As a result of the limited application availability, and compounded by the specialized nature of the models and algorithms, a great deal of technical applications for parallel computers are custom-developed by the end users. The specification is typically some combination of a prototype program written in a desktop-based high-level application (MATLAB, etc.), and "prose" that attempts to capture the particular model, system, or algorithm. A parallel programming specialist then writes the application in C, Fortran, and MPI (message passing interface) used for inter-processor communication and synchronization - relatively complex low-level programming. Only after the application is developed for the high-performance computer can it be executed to allow testing and scaling with the real data.
This process is fundamentally flawed: it is slow, expensive, inflexible, and remarkably error-prone. First, the specialist -- of which there is a serious shortage, and they are expensive -- must correctly interpret the end user's specification. Second, the end user must then interpret the test results to understand whether problems encountered are due to his specification, or the specialist's code.
Because each of these steps can be several months, scientists and engineers are limited to how much iteration to the algorithms and models they can make. And remember -- this all happens before they ever get to actual usage of their models, solving the problems they have set out to solve. More than 75 percent of the "time to solution" is spent programming the models for use on high-performance computers, rather than developing and refining them up front, or using them in production to make decisions and discoveries.
The need for interactivity
Even after the algorithm or model has been reprogrammed for a parallel computer, we are not out of the woods, because today the resulting usage mode is strictly batch-oriented, rather than interactive. Given how long typical runs take -- hours, days, or even weeks -- the iteration and refinement of the algorithm or model is severely limited. In many cases, the correct algorithm, approach, or key to the problem, may not be known up front, and may typically be discovered only by running the code on the HPC, with the actual input data. And it is highly likely that a change in the user's specification -- due to errors, changed algorithms, changed application requirements, or changed hardware -- will cause a major rewrite by the specialist.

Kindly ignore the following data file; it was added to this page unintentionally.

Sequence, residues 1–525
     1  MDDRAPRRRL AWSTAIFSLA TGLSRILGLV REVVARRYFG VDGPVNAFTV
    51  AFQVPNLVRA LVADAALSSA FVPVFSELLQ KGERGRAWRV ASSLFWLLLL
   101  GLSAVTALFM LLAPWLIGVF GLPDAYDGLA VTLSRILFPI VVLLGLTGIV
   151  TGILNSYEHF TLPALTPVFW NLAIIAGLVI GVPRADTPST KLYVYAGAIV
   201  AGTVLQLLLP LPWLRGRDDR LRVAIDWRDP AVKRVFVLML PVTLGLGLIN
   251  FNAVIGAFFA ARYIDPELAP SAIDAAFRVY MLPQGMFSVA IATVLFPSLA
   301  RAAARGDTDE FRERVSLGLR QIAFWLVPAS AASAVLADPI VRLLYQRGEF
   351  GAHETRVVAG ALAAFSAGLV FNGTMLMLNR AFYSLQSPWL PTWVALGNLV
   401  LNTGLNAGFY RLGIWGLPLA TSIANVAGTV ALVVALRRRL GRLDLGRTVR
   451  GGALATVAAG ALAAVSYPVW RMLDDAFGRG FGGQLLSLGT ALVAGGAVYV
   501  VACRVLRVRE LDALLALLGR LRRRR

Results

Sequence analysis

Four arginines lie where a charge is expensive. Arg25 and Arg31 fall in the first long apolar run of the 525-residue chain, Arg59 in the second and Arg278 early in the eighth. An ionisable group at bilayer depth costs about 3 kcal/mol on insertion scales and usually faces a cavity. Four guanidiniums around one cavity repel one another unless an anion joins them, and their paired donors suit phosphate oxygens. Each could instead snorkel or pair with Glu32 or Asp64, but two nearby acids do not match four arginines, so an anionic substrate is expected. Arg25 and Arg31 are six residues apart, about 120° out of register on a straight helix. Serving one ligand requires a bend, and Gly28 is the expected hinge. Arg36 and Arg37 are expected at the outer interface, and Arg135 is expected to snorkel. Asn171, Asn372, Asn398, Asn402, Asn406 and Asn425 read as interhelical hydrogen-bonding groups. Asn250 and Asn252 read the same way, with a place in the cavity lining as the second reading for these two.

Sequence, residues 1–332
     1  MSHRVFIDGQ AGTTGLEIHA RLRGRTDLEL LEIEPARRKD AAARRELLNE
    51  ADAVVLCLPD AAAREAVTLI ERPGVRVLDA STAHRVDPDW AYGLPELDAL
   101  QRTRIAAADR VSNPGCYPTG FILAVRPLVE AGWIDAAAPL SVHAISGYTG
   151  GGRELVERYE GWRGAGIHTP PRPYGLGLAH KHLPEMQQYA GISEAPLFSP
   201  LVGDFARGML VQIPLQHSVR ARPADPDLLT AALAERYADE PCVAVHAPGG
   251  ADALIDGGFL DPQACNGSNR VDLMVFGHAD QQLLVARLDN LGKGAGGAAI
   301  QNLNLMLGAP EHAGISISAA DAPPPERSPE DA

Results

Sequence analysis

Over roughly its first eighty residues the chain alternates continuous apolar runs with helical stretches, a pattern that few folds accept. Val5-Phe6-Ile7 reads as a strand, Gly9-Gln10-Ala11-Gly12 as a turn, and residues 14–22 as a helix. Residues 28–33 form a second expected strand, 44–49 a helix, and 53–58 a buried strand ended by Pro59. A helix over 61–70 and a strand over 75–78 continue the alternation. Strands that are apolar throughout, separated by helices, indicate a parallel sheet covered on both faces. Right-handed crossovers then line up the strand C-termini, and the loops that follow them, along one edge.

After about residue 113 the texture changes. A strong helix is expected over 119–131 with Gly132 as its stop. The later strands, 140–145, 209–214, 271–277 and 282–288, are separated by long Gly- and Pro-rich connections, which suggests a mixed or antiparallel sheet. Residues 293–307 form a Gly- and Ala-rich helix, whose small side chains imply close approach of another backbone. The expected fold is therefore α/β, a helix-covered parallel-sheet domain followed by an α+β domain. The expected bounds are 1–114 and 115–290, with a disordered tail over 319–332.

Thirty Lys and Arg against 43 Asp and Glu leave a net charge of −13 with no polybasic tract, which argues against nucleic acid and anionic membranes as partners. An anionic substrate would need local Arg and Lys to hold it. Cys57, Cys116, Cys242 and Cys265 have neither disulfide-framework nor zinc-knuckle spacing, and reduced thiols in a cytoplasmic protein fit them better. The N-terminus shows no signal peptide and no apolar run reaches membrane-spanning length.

When reducing time-to-solution is the goal, it is the engineers' and scientists' time that is typically the precious resource, not computing cycles. During the model/algorithm development phase, interactivity is critical. Yet although interactive use can be taken for granted with desktop science and engineering tools, to date it has simply not been available in high-performance computing, which remains firmly in the batch world.
Solving the application problem
What does the ideal solution for custom HPC application development look like? It must enable scientists and engineers to write applications in their favorite very high-level languages (VHLLs) on desktops, and have them automatically parallelized and able to run interactively on high-performance computers. In other words, let the end users continue to work in their preferred environments ("no change in religion"), hide from them parallel programming challenges, and let them more easily access the parallel computing power of high-performance computers. They can prototype and scale in a tightly coupled process, in real time, with fine-grained control of both algorithms and data, transparently harnessing the HPC's computing resources.